By Bae Ji-sook
Being able to hear is an intricate process. What we call sound is actually vibrations detected by the ear and transmitted to nerve impulses that are perceived by the brain in the temporal lobe.
There are about 214,420 people registered with the Ministry for Health, welfare and Family Affairs with hearing or speaking disorders mainly stemming from problems around the ear.
About half of the patients have genetic factors. They were audibly impaired from birth. Many of them have problems with the snail-shaped cochlear in the inner-ear part.
About 1.5 to two out of 1,000 are born with a certain level of aural malfunction. "Women with thyroid disorders or diabetes are most likely to give birth to these babies. It is recessive heredity," Professor Chang Sun-o of the Seoul National University Hospital said.
For those who have problems in the ears exterior or eardrums, most often the result from an inflammation of the middle ear, replacing the eardrum with an artificial one is an effective procedure. For those with cochlear problems, conventional hearing aids have been proven less effective and more inconvenient.
Cochlear implants, an electronic device providing a sense of sound to a person, have rapidly become a good alternative.
"Many hearing aids last for less than 10 years. They are expensive. I can safely say that the implant is by far the safest and most cost-effective way to improve auditory ability at the moment," Chang said. Since the health ministry decided to expand the National Health Insurance coverage in 2008, the patients pay less than 25 percent of the fee.
The device has two parts: a small box that is used outside the body and an implant. The pieces contain a microphone, speech processor, transmitter, receiver and stimulator to replace the function of the cochlear.
When a person catches a sound, the device delivers the information by electronically stimulating the auditory sense and eventually the brain. The surgeons implant the interior device in the cochlear area and the patients should carry the exterior box to control and "decode" the senses.
Chang said within two weeks people can "sense" sounds. "It is a big improvement. They are able to detect sounds in the early stages, but it takes time for them to realize it."
Chang said the procedure is not suitable for people who had their auditory senses "destroyed."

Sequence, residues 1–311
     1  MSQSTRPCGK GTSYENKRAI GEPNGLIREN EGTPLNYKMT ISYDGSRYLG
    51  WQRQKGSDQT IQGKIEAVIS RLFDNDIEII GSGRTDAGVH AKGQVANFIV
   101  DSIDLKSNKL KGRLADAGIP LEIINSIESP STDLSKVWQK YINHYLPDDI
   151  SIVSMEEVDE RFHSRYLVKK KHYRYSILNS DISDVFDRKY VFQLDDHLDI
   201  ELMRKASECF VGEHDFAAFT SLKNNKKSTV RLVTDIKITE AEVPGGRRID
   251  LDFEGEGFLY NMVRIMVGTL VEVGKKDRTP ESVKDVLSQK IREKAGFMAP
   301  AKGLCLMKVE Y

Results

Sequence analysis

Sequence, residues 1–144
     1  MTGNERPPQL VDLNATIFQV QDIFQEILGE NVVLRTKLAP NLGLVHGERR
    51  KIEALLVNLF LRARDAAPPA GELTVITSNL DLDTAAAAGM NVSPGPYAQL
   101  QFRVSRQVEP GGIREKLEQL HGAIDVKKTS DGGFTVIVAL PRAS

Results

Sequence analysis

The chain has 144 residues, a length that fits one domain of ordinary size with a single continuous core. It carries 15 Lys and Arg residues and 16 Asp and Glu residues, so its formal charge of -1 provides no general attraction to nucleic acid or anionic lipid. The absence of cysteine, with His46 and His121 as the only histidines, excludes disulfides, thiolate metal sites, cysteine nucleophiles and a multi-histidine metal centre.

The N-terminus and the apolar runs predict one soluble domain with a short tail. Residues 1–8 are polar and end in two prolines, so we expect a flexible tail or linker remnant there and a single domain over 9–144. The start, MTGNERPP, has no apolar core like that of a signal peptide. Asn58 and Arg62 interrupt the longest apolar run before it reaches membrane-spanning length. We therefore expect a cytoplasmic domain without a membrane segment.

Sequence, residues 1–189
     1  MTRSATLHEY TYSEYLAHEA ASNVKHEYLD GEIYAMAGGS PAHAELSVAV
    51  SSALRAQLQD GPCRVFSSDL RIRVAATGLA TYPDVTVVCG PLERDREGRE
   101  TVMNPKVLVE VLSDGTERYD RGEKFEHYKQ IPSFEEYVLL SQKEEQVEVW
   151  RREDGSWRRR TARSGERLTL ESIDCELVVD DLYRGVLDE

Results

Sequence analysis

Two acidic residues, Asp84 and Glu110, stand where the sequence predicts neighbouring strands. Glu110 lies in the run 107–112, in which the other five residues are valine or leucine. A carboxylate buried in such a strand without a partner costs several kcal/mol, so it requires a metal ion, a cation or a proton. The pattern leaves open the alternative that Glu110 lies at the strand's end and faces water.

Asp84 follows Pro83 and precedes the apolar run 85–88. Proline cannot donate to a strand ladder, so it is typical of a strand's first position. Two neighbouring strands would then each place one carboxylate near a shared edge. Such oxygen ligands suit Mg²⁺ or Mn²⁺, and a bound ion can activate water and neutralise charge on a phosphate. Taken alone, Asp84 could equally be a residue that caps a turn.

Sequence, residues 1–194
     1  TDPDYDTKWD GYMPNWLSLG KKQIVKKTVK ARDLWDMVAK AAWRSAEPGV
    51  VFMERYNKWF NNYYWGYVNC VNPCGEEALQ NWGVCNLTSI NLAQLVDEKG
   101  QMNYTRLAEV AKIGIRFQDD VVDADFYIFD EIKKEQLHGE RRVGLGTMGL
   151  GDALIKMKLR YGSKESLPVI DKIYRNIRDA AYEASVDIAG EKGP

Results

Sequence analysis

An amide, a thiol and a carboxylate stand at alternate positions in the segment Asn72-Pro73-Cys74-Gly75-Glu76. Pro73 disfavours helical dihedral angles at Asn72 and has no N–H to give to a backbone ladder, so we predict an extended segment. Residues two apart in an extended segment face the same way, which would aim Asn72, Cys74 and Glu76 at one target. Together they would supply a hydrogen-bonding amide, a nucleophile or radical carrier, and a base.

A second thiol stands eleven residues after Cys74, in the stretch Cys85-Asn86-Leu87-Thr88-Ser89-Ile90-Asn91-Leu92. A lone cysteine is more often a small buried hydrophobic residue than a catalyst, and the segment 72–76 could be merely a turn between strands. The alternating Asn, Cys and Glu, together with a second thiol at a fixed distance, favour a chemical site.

Also, whether to use the device on newborns is drawing ongoing debate. Chang backs the early-stage surgery. "I say when a baby is over six months old, we can perform it. It will be better for him or her to start hearing things and speaking like their peers during childhood," he said.
Currently, international scientists are studying ways to improve the artificial cochlear so that it can be recharged while sleeping on a pillow-shaped recharger.
"Of course, that will take quite a long time," he said.
The surgery after-care is also important. The patients who have received the procedure should get hearing training for about a year. In specifically sensitive cases, the period could be longer.
Chang said the government should look at supporting such rehabilitation programs. "If you cannot get proper guidance on using the device, implantation is of less use," Chang said.
At the moment, Chang and several other SNU researchers are working on developing domestic cochlear implants. "We have finished making the sample, but I guess it will take another two to three years for us to present a perfectly safe device to people," he said.
Tips for Keeping Your Ears Healthy
Chang said listening to music through earphones or headphones doesn't cause hearing disorders as many believe. "I think it has more to do with a sudden loud sound such as a machine breaking down or construction materials falling on the ground that can be much more dangerous," he said.
He said the biggest factor for those who have hearing disabilities after birth is the inflammation in the middle ear. In order to prevent the illness, Chang stresses hygiene. "Always try to keep the ear clean," he said.
These days, hospitals and clinics provide free audibility tests of fetuses for pregnant women so that parents can be prepared if the baby comes out with hearing difficulties.
Some antibiotics or cancer treatment drugs can harm the aural ability, he warned. "Always consult your doctor," he said.
|Who is Chang Sun-o?|
Chang graduated from Seoul National University. He said he has performed about 1,000 cochlea implants here.
Having served as a department chief at the Bohun Hospital when he was 37, he has held several prestigious positions.
Chang also served as head of the Korean Audiological Society and the Korean Otologic Society.
Chang is a passionate researcher, who says he loves gathering and analyzing data during his free time.